Board: J:spade: 5:diamond: 3:spade:
             Equity     Win     Tie
      UTG    26.46%  26.46%   0.00% { KsQs }
      UTG+1  73.54%  73.54%   0.00% { 3d3c }


      So essentially, your equity almost gets cut in half.

      Question 2: What would you do in the following hand?

      No Limit hold'em $2 (9-handed)

      Players and stacks:
      UTG
      : $2.00
      UTG+1: $2.08
      MP1: $1.92
      MP2: $1.00
      MP3: $3.06
      CO: (Hero) $2.08
      BU: $2.00
      SB: $2.00
      BB: $1.24

      Preflop: Hero is CO with A:club: J:club:
      5 folds, Hero raises to $0.08, BU calls $0.08, SB folds, BB calls $0.06.

      Flop: ($0.25) 2:club: 6:diamond: 3:diamond: (3 players)
      BB checks, Hero checks, BU checks.

      Turn: ($0.25) 5:club: (3 players)
      BB checks, Hero bets $0.22, BU raises to $0.44, BB folds, Hero...?

      He re-raises us very small. If we hit another club, we win (unless he hit a set of fives now and the board pairs on the river, but it would be ridiculous to fold because he might have that... :p). This gives us a total of nine cards with which we can improve our hand to the winning hand, which means we need about 4:1 odds to make a call here. Since we have about 4.1:1 odds to call here, we can definitely make the call and then re-evaluate the situation on the river.

      So long story short, we should call.

      Question 3: Do you have questions about your postflop play? Post your hand for evaluation.

      NL4 JJ - hard to play

      I know this hand already got evaluated a couple of days ago, but I actually have another question about this one. It mostly has to do with bet sizing.

      I often read (I think also here on PokerStrategy?) that a good post-flop bet size is about 2/3 of the pot. However, in many hand evaluations they say a c-bet should be larger. So in this case I thought, hey, he c-bets about 2/3 the pot, I only have a middle pair, it's an easy fold. However, now you say his bet size isn't all that strong and that calling would definitely be justified... That's a little confusing to me.

      What are good bet/raise sizes for me to bet/raise with post-flop? When exactly is a post-flop bet a strong one and when is it weak? In this case, you say 2/3 the pot is a weak bet. So what would be stronger? 3/4 of the pot? 4/5 of the pot? That would be good to know, because if 2/3 of the pot really is too weak, then I have pretty much always been c-betting too weak :(
    • TinoLaan
      TinoLaan
      Bronze
      Joined: 12.10.2011 Posts: 6,411
      And another question.

      In homework assignments where we need to post a hand for evaluation, do they have to be hands from cash games? Or can they also be from MTTs or STT SNGs? Because I have tried some SNGs lately and I actually like playing those a lot more than cash games, but they do play a lot differently from cash games...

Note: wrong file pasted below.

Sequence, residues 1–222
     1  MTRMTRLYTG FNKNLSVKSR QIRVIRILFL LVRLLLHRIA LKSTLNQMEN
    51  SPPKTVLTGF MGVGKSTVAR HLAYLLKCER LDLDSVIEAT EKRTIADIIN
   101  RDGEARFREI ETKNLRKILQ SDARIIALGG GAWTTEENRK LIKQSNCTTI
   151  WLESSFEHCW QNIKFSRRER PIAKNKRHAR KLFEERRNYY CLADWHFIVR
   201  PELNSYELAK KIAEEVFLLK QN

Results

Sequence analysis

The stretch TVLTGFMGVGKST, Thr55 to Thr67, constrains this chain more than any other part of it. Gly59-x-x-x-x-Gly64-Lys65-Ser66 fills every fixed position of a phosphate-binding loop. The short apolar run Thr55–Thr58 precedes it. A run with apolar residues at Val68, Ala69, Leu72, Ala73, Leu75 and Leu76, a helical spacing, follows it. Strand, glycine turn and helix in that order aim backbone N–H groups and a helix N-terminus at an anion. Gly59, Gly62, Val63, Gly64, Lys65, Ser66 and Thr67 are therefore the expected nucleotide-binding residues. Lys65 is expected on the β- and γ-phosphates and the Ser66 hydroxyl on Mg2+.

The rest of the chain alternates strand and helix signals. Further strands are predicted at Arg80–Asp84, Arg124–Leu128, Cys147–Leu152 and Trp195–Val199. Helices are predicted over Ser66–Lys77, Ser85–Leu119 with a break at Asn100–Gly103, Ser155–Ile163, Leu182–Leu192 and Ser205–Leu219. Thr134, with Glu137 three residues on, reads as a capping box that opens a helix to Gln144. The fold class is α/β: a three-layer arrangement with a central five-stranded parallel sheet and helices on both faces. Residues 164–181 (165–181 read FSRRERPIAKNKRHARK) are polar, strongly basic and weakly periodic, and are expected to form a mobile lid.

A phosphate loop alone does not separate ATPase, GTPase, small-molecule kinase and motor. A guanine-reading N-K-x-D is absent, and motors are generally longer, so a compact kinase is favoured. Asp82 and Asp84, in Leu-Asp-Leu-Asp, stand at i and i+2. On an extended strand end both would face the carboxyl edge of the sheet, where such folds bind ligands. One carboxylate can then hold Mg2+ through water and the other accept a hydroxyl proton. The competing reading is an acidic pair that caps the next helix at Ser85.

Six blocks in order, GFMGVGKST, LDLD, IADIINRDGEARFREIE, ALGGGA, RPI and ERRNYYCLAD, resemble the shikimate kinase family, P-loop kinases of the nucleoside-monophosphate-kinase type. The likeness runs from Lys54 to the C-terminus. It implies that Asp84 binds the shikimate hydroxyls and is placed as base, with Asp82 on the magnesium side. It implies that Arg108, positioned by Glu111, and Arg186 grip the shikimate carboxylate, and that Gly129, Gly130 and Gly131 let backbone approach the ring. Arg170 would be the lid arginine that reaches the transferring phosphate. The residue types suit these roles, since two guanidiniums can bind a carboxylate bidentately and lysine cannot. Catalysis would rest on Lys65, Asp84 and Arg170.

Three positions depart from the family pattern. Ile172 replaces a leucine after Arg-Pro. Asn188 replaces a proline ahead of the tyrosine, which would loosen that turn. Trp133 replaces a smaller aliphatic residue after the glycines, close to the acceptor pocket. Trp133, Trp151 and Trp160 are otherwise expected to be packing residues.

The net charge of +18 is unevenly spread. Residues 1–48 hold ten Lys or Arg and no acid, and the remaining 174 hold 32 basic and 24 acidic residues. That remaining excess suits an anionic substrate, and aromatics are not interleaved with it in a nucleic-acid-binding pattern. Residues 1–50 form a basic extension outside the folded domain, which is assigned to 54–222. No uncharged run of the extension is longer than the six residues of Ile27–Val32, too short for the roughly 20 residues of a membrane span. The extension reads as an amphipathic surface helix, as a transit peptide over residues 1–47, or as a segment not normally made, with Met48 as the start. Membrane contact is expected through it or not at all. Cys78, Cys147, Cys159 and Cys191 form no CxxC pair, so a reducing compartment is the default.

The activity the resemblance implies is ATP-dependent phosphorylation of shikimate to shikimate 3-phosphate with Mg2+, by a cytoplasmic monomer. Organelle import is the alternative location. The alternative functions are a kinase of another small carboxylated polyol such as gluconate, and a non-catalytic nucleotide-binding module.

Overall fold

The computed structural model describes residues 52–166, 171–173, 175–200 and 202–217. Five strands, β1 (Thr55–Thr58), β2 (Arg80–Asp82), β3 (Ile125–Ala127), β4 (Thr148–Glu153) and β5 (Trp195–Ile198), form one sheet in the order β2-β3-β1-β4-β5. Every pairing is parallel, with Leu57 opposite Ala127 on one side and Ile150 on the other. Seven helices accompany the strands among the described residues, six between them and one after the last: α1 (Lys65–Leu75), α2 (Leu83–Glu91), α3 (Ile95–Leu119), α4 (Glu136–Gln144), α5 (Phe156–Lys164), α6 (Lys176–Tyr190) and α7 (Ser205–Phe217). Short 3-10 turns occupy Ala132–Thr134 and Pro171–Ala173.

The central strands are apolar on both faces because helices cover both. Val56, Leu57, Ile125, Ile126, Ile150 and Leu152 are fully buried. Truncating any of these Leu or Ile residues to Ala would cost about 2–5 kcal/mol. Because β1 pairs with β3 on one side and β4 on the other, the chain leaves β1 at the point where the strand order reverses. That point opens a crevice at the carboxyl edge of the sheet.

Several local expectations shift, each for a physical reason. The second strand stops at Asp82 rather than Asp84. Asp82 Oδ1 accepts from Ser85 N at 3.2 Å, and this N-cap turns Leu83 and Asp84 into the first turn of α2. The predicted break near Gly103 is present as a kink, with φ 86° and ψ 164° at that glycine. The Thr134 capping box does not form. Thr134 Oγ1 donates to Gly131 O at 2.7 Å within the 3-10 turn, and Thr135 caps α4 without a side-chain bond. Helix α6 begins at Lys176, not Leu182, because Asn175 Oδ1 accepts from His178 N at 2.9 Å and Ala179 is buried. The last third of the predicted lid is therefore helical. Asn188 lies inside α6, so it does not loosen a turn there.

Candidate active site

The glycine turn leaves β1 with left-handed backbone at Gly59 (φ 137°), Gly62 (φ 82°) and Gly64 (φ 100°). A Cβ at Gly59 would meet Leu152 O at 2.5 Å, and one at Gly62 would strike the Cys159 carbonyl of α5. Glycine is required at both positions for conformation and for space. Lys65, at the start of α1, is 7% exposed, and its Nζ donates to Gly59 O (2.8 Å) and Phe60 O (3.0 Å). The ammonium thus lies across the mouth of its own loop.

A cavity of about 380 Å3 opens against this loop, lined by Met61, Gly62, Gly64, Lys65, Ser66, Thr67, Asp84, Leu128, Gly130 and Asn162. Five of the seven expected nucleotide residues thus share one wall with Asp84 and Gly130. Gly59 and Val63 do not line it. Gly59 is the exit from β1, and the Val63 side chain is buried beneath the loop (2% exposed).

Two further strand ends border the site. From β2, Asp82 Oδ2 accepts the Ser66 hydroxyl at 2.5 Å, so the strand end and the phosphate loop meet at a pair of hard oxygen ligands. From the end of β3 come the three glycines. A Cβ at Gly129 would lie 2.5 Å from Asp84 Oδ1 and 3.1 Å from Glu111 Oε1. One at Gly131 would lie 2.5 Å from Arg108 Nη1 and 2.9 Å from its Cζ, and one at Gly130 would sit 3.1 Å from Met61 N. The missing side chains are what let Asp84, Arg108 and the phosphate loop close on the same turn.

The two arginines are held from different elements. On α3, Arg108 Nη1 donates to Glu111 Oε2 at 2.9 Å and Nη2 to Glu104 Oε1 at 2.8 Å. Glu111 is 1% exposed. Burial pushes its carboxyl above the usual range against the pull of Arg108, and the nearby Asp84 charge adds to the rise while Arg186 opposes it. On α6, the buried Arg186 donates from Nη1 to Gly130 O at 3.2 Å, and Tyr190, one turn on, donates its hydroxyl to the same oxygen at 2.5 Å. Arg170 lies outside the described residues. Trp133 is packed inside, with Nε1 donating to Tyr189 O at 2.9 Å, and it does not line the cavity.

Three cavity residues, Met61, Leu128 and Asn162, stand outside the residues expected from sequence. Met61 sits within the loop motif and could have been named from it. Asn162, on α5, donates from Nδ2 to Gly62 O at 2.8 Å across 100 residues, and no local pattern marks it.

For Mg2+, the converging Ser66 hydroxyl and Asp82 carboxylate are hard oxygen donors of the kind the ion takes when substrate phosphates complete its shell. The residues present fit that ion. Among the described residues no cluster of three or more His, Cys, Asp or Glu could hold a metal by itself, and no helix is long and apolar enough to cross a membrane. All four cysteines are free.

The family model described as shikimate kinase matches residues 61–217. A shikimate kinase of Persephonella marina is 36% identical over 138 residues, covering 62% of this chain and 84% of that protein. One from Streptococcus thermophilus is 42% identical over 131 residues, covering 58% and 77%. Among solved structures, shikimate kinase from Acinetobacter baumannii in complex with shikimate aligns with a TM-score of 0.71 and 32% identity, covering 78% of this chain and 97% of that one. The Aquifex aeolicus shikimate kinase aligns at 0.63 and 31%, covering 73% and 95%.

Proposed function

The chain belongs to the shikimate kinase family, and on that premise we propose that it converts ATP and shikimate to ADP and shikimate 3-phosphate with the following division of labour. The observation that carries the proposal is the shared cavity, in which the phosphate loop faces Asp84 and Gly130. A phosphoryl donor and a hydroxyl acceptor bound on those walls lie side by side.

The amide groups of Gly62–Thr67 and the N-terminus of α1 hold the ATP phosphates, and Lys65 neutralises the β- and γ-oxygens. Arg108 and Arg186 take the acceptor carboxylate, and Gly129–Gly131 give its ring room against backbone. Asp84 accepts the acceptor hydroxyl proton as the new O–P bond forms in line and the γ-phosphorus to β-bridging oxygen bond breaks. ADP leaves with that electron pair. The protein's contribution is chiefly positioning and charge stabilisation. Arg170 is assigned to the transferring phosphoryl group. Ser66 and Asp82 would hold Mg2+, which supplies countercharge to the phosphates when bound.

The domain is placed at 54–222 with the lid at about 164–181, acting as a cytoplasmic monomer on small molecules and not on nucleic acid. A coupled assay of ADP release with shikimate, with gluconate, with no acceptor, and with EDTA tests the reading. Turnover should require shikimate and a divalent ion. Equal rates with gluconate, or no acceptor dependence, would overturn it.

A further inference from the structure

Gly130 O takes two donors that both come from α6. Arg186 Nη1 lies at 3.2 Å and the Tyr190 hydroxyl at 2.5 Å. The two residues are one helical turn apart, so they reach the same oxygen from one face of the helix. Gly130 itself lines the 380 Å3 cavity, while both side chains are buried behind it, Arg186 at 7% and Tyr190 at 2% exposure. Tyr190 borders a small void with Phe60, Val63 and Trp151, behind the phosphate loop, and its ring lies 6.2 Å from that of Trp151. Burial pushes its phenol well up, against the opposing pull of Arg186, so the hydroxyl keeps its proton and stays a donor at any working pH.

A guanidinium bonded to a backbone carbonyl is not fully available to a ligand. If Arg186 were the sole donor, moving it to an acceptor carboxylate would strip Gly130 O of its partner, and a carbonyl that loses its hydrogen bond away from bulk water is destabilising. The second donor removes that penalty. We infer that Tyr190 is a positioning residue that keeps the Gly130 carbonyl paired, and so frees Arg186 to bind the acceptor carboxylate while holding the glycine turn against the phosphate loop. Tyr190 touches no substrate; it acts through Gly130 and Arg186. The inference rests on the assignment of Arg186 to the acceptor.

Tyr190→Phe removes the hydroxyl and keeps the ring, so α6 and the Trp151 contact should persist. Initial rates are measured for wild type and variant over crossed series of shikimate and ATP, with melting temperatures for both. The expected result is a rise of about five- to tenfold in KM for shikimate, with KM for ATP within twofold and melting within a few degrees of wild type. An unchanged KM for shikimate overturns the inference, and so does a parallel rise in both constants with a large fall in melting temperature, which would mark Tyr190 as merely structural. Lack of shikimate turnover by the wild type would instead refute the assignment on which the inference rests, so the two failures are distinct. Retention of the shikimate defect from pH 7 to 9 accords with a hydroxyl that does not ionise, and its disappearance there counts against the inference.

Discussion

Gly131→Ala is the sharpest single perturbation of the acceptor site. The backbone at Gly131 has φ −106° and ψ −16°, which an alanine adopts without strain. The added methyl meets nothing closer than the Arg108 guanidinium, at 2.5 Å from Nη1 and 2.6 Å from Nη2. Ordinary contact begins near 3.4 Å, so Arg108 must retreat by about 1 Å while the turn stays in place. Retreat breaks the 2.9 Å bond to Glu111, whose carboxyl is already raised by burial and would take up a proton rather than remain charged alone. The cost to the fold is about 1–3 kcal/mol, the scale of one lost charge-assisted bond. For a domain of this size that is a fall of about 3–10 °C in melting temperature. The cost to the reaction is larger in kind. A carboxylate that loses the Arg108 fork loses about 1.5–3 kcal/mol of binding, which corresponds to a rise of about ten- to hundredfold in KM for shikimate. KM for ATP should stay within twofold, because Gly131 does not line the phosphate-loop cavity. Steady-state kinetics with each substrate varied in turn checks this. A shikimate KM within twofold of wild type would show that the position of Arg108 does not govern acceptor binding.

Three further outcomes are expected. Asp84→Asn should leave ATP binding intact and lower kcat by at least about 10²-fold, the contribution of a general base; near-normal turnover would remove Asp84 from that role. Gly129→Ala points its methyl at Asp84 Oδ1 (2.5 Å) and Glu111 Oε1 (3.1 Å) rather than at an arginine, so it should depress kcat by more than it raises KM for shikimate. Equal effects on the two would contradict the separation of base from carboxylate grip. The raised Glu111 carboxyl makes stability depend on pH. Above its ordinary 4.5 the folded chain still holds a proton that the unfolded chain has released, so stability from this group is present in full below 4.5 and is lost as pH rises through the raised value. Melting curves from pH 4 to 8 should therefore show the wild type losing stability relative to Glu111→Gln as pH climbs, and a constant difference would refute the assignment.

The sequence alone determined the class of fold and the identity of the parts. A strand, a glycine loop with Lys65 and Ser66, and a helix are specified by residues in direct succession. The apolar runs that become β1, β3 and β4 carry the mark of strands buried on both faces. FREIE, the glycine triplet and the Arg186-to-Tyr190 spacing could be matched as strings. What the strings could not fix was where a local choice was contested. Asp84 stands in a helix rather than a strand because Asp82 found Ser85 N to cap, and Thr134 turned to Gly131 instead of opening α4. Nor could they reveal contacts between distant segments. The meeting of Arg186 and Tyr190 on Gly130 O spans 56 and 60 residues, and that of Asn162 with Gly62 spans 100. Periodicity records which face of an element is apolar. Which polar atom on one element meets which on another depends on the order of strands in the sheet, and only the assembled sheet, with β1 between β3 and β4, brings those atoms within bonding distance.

• veriz
      veriz
      Black
      Joined: 20.07.2008 Posts: 65,504
      Good job! Homework #3 Done!

      About Question #1:
      Preflop Equity:

      Equity Win Tie
      UTG 50.78% 50.40% 0.38% { KsQs }
      UTG+1 49.22% 48.84% 0.38% { 3d3c }


      Postflop Equity:

      Board: J:spade: 5:diamond: 3:spade:
      Equity Win Tie
      UTG 26.46% 26.46% 0.00% { KsQs }
      UTG+1 73.54% 73.54% 0.00% { 3d3c }


      About Question #2:
      There are several occasions on turn:
      a) If we take just odds for the FD and we take into account that all our odds are clean. Which means:
      Total Pot = $0,91 ; We have to Call = $0,22 -> According to that it means we are getting ~4,16:1 odds. For flushdraw we would need 4:1. Which tells us that we are getting perfect odds.
      b) If we consider the opponent having sets here:
      Which means we have to discount outs, for example 6 and also 3. Which means we have 7 clean outs so that means we need 6:1 odds. That tells us that we need ~$0,41 on river to make it profitable. If we expect the opponent being loose enough and being able to pay us no-matter what then we can do the Call here properly.
      c) We might even have overcards as outs or even 4 as a out:
      Although this kind of situation ain't that likely. I'd rather discount that one and either pick a) or b). Most likely towards Call.


      What are good bet/raise sizes for me to bet/raise with post-flop? When exactly is a post-flop bet a strong one and when is it weak? In this case, you say 2/3 the pot is a weak bet. So what would be stronger? 3/4 of the pot? 4/5 of the pot? That would be good to know, because if 2/3 of the pot really is too weak, then I have pretty much always been c-betting too weak

      Well, most likely 2/3 pot size is totally fine. :) Depends really on the board and on the opponent.

      In homework assignments where we need to post a hand for evaluation, do they have to be hands from cash games? Or can they also be from MTTs or STT SNGs? Because I have tried some SNGs lately and I actually like playing those a lot more than cash games, but they do play a lot differently from cash games...

      Well, it's a Cash Course so cash hands. :(

      You are doing great progress, keep going!
    • TinoLaan
      TinoLaan
      Bronze
      Joined: 12.10.2011 Posts: 6,411
      Thanks for the review!

      I'll keep posting cash hands then. I was planning on continuing to play cash games alongside SNGs anyway :)
    • TinoLaan
      TinoLaan
      Bronze
      Joined: 12.10.2011 Posts: 6,411
      So, it's been a while since I posted here!

      The last months I've really only been playing MTTs, but now that I'll have a lot less time when uni starts in a little over a month, I decided to start learning a bit more about cash games again, simply because you can just leave the table whenever you want, and MTTs can take quite some time to complete (they're still loads of fun to play though ;) ).